White Male from Greenville Convicted for Oxycodone Distribution
November 7, 2012 Department of Justice
United States Attorney William C. Killian Eastern District of Tennessee
Greeneville Man Sentenced On Oxycodone and Money Laundering Conspiracy Charges
GREENEVILLE, Tenn. - Tracy Haney, 42, of Greeneville, Tenn., was sentenced on November 7, 2012, by the Honorable J. Ronnie Greer, U.S. District Court Judge, to serve 121 months in federal prison for his participation in a conspiracy responsible for the distribution of large quantities of oxycodone and money laundering in the Eastern District of Tennessee.
Haney participated in a large number of organized trips to various pain clinics with other co-conspirators across the southeast region of the United States to obtain oxycodone pills. The pills were transported back to the Greeneville, Tenn., area and sold. Haney stipulated that he was accountable for a conservative estimate of 4,185 oxycodone pills.
Haney also rented a car in his name that was used by co-defendants Frankie L. Crum and Billy Gene Taylor to drive to Memphis, Tenn., and pick up over 140 pounds of marijuana. On the return trip to Greeneville, Taylor was pulled over by a Tennessee Highway Patrol officer. A search of the trunk of the car resulted in the seizure of 144 pounds of marijuana. Taylor was previously sentenced to serve 144 months in prison for his role in the conspiracy. Sentencing for Crum is set in December 2012.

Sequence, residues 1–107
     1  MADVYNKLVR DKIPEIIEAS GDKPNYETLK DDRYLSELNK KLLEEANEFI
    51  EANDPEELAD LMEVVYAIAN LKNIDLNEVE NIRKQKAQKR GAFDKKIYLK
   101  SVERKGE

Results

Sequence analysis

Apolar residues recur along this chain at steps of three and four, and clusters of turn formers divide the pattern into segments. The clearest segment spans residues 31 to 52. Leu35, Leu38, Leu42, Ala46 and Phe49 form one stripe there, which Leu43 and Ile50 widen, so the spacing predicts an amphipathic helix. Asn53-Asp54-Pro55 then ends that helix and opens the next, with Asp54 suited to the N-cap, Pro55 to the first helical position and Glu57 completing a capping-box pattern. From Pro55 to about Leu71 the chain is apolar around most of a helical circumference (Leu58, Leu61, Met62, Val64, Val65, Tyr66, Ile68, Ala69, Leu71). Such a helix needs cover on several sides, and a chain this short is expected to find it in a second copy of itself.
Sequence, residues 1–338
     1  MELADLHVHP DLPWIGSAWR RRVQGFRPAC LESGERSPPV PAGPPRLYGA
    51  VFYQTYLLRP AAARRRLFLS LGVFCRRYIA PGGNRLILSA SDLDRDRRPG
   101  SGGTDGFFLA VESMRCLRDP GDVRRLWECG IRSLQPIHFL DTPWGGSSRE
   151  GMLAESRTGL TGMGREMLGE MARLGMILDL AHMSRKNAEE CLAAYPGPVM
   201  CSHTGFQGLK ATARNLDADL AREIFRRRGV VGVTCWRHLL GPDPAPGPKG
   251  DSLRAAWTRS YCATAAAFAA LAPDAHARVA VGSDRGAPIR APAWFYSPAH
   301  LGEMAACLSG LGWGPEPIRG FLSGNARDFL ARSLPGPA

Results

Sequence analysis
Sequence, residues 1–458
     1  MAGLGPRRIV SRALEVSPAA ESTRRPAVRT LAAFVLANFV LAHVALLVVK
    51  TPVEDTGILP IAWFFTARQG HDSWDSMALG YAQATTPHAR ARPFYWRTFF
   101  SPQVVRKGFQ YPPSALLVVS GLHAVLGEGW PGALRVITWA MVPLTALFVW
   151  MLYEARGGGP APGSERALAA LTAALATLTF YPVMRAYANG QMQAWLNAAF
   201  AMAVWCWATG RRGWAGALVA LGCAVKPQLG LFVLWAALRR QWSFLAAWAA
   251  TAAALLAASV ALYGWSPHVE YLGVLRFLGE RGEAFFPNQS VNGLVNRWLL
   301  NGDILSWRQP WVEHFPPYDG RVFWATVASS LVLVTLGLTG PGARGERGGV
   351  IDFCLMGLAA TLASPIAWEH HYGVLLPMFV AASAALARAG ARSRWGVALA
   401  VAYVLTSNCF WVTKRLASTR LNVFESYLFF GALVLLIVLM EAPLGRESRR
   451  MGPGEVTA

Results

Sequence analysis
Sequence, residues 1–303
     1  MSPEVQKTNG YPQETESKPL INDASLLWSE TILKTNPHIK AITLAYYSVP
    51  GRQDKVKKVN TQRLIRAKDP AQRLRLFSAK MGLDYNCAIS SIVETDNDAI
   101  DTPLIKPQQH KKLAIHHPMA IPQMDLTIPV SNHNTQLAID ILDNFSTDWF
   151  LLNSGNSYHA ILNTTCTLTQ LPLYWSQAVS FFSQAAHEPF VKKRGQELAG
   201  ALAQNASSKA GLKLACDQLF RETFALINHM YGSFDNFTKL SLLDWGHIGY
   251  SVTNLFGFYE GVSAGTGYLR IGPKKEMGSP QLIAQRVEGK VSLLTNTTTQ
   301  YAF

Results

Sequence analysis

Law enforcement agencies participating in the investigation which led to indictment and subsequent conviction of Haney and others in the conspiracy include the Drug Enforcement Administration, Internal Revenue Service, Tennessee Bureau of Investigation, U.S. Marshals Service, Tennessee Highway Patrol, Tennessee Third Judicial District Drug Task Force, Washington County Tennessee Sheriff's Office, Morristown Tennessee Police Department and Greene County Tennessee Sheriff's Office. Assistant U.S. Attorney Wayne Taylor represented the United States.
This case was part of the Department's Organized Crime Drug Enforcement Task Force (OCDETF) and the High Intensity Drug Trafficking Areas (HIDTA) programs. OCDETF is the primary weapon of the United States against the highest level drug trafficking organizations operating within the United States, importing drugs into the United States, or laundering the proceeds of drug trafficking. The HIDTA program enhances and coordinates drug control efforts among local, State, and Federal law enforcement agencies. The program provides agencies with coordination, equipment, technology, and additional resources to combat drug trafficking and its harmful consequences in critical regions of the United States.
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